“We are going to resist and fight. If the company wants the pipeline to pass through our region, it will have to pass over our bodies

We have filed complaints, such as work carried out without permission. We have stopped the police and the TAP company. They’ve entered our land without permission, we have started lawsuits but nothing has changed. On the contrary, after a while executives of the company mocked us saying “you see nothing has changed.

Who governs our country? TAP or the government? We would also like to answer that.”  – Themis Kalpakidis – President of the Kavala’s Farmers’ Association, Greece

In solidarity with communities in Azerbaijan, Greece and Italy resisting this mega project, we delivered an olive tree to the EBRD. The olive tree marks our support of local olive farmers in Italy, who have been peacefully resisting construction of the pipeline since the Italian government overturned the decision of the local council and granted approval for the project.

Our protest is part of a coordinated set of actions throughout Europe taking place under the banner No TAP. Not here. Not anywhere. As recently as Sunday night, a massive military action in Salento (the Italian region where the pipeline ends) has resulted in roadblocks and the multinational company has restrained NO TAP activists, using heavy aggression against locals peacefully resisting the project. [2]

The total cost for the BP-led project is estimated at around $45 billion, with $8.6 billion being made available for this project from public banks. The EBRD has already agreed to fund $500 million towards the project, while the EIB is considering granting its largest loan to date – up to €2 billion. Not only is the pipeline against the will of the communities, If built, the pipeline would be disastrous for the climate and will undermine Europe’s commitment to the Paris Accord. Public money should not be irresponsibly invested to generate profits for private fossil fuel companies especially when demand is falling and existing European gas infrastructure is operating at as low as 20% capacity.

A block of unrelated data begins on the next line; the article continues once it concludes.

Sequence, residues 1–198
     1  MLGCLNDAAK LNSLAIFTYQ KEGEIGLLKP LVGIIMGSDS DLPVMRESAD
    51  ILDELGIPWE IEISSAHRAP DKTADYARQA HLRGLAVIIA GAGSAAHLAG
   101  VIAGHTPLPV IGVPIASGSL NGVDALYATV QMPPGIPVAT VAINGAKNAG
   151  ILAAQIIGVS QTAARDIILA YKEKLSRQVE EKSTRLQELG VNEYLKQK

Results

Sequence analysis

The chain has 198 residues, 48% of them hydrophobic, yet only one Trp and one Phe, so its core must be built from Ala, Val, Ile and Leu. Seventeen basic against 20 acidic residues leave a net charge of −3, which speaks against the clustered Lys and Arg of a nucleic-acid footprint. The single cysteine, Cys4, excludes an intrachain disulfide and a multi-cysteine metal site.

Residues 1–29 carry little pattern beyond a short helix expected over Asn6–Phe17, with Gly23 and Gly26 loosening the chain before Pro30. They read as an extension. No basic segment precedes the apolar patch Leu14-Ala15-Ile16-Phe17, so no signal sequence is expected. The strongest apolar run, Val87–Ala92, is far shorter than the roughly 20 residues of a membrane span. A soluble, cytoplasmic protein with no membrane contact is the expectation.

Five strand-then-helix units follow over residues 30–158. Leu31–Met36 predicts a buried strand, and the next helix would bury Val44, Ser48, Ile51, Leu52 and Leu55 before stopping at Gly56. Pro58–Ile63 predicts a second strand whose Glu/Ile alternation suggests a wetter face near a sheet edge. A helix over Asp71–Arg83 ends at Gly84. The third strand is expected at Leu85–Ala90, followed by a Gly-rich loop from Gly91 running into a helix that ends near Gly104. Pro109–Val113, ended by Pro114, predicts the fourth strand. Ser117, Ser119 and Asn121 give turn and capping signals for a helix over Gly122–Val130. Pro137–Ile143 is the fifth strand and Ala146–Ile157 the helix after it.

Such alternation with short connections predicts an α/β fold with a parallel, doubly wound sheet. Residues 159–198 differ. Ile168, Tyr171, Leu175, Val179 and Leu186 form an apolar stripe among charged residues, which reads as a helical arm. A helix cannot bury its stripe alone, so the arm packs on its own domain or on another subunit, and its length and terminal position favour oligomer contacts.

The EBRD and the EIB should do the right thing and stop funding gas infrastructure expansion now. 

. Not here. Not anywhere

For stories from the frontline:

  1. [Image]:
  2. As recently as Sunday night, a massive military action in Salento (the Italian region where the pipeline ends) has resulted in roadblocks and the multinational company has restrained NO TAP activists, using heavy aggression against locals peacefully resisting the project. :

Road to Justice. Artwork by Alfredo Jaar, Sokari Douglas Camp, designed by Jon Daniel. See below.

10th November 2017 marks the 22nd anniversary since the executions of nine Ogoni men from the Niger Delta who had been protesting against the exploitation of oil in their homelands. These Nigerian activists – outspoken author and playwright Ken Saro-Wiwa, Saturday Dobee, Nordu Eawo, Daniel Gbooko, Paul Levera, Felix Nuate, Baribor Bera, Barinem Kiobel, and John Kpuine – were executed by hanging in 1995 by the military dictatorship of General Sani Abacha and buried in Port Harcourt Cemetery. The executions provoked international condemnation, yet the continuation of the Ogoni struggle is an object lesson in how a numerically small people can reach way beyond their borders.